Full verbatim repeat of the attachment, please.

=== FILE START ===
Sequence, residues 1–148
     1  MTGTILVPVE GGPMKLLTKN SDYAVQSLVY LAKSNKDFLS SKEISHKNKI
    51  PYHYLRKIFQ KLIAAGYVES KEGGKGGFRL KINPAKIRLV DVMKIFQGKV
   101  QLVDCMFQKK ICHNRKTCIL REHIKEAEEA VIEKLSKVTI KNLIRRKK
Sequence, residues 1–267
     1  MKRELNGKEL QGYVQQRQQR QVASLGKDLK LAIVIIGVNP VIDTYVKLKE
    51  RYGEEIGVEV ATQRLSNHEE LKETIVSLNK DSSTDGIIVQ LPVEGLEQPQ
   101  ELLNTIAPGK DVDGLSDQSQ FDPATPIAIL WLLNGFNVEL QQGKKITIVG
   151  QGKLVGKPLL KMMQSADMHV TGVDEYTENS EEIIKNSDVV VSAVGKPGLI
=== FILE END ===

Sequence, residues 1–148
     1  MTGTILVPVE GGPMKLLTKN SDYAVQSLVY LAKSNKDFLS SKEISHKNKI
    51  PYHYLRKIFQ KLIAAGYVES KEGGKGGFRL KINPAKIRLV DVMKIFQGKV
   101  QLVDCMFQKK ICHNRKTCIL REHIKEAEEA VIEKLSKVTI KNLIRRKK
Sequence, residues 1–267
     1  MKRELNGKEL QGYVQQRQQR QVASLGKDLK LAIVIIGVNP VIDTYVKLKE
    51  RYGEEIGVEV ATQRLSNHEE LKETIVSLNK DSSTDGIIVQ LPVEGLEQPQ
   101  ELLNTIAPGK DVDGLSDQSQ FDPATPIAIL WLLNGFNVEL QQGKKITIVG
   151  QGKLVGKPLL KMMQSADMHV TGVDEYTENS EEIIKNSDVV VSAVGKPGLI